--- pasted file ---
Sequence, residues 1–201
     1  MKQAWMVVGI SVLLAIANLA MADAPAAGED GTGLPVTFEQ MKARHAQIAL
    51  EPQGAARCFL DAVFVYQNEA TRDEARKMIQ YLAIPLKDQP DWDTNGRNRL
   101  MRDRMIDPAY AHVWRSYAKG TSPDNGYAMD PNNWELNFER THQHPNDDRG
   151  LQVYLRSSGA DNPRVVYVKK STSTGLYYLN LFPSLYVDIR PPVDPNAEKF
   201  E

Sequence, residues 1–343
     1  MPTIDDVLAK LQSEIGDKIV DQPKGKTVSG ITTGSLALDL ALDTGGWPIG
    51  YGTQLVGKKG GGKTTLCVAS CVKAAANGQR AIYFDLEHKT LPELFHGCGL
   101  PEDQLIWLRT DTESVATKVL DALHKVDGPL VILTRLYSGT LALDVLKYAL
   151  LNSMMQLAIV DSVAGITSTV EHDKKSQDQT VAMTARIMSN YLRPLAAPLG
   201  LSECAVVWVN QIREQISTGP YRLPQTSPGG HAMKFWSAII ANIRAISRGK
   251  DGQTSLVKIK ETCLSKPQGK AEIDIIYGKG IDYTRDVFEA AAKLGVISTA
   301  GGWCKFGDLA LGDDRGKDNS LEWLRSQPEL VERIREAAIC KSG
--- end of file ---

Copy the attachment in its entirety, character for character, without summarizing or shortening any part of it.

Sequence, residues 1–201
     1  MKQAWMVVGI SVLLAIANLA MADAPAAGED GTGLPVTFEQ MKARHAQIAL
    51  EPQGAARCFL DAVFVYQNEA TRDEARKMIQ YLAIPLKDQP DWDTNGRNRL
   101  MRDRMIDPAY AHVWRSYAKG TSPDNGYAMD PNNWELNFER THQHPNDDRG
   151  LQVYLRSSGA DNPRVVYVKK STSTGLYYLN LFPSLYVDIR PPVDPNAEKF
   201  E

Sequence, residues 1–343
     1  MPTIDDVLAK LQSEIGDKIV DQPKGKTVSG ITTGSLALDL ALDTGGWPIG
    51  YGTQLVGKKG GGKTTLCVAS CVKAAANGQR AIYFDLEHKT LPELFHGCGL
   101  PEDQLIWLRT DTESVATKVL DALHKVDGPL VILTRLYSGT LALDVLKYAL
   151  LNSMMQLAIV DSVAGITSTV EHDKKSQDQT VAMTARIMSN YLRPLAAPLG
   201  LSECAVVWVN QIREQISTGP YRLPQTSPGG HAMKFWSAII ANIRAISRGK
   251  DGQTSLVKIK ETCLSKPQGK AEIDIIYGKG IDYTRDVFEA AAKLGVISTA
   301  GGWCKFGDLA LGDDRGKDNS LEWLRSQPEL VERIREAAIC KSG